LOUISVILLE, Ky. – Though acknowledging that they haven’t been able to fully share in the boom year that 2015 has been for the U.S. RV industry as a whole, around 200 members and friends of the RV Dealers Association of Canada were in bright spirits as they gathered for Canada Night on Monday at the luxurious Galt House Hotel.
The U.S. good fortune of a strong dollar and cheap gas prices has meant a tougher year for Canada. The exchange rate means the Canadian dollar doesn’t buy as much as it did just a year or so ago. Cheap gas means low oil prices and that hurts the Canadian economy in areas of the country where oil and gas production are a major part.
Nevertheless, the group was able to celebrate the accomplishments of two of its own during the event.
Sam Parks of Camp-Out RV in Stratford, Ontario, who recently was elected as chairman of the board for the RVDA of Canada, was named the Walt Paseska Canadian Dealer of the Year. The award winner is selected by his peers.
“Walt is an excellent role model and it is a privilege to receive this award dedicated to him,” Parks said. “Without the support of an outstanding group of team members at all of our dealerships, none of us would be able to operate a day-to-day business as well as commit the kind of time needed for Association work. I am very proud to work with these people. They are the foundation necessary to support our business model.”
Other provincial Dealers of the Year who were in the running for the award were Dale Howes of Traveland RV Supercentre in Langley and West Kelowna, British Columbia; Kelly Lardner of Lardner’s Trailer Sales in Saskatoon, Saskatchewan; Ken Friedenberg of ArrKann RV in Edmonton and Calgary, Alberta; and Kyle Redmond of Bucars RV Centre in Balzac, Alberta.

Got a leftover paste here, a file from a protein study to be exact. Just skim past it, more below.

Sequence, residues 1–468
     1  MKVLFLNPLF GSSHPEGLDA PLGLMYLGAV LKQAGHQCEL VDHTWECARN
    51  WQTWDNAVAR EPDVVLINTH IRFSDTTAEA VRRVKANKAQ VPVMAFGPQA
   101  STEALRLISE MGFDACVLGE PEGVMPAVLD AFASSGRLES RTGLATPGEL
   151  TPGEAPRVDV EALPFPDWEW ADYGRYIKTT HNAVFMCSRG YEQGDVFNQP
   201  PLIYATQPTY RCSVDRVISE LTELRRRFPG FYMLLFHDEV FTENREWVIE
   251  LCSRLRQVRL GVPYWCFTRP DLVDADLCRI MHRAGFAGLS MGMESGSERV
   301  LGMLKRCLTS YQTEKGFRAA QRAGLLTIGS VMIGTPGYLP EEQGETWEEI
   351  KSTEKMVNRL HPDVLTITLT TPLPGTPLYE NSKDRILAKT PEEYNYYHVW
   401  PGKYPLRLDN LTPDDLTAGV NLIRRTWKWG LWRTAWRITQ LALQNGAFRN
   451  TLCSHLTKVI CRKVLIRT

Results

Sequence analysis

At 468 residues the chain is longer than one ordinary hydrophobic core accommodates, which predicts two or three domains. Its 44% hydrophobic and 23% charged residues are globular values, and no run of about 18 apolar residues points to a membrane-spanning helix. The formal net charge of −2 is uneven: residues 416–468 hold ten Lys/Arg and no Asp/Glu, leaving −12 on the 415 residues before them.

In addition, RVDA of Canada President Eleonore Hamm was honored for 20 years of service in the Association’s leadership. Hamm joined the Association in 1995 as an executive assistant.
In 2004 she championed the RVDA’s National Advocacy Program and by 2010 had advanced to the position of president.
In 2014 she received a National Scholastic Award.
“It’s been a pleasure to work with all of you,” Hamm told the audience.
After the business portion of the event, former Toronto Maple Leafs forward Wendel Clark regaled the crowd with tales from his career on the ice.
Clark remarked how much professional hockey has changed since his retirement in 2000.
Although fighting is much less part of the game than in the past, he said the game has become more violent because of the increased speed and the fact that every player is taught to hit instead of just one or two players on each team.
“In the old day’s we didn’t teach everybody to hit; it was all done by angles,” he said. “Everything is speeding up because you have better equipment which leads to hitting harder which leads to more accidents and injuries. It’s the same in football.”
He said rule changes that take away a defensive player’s ability to check and hook an offensive player also have sped up the game.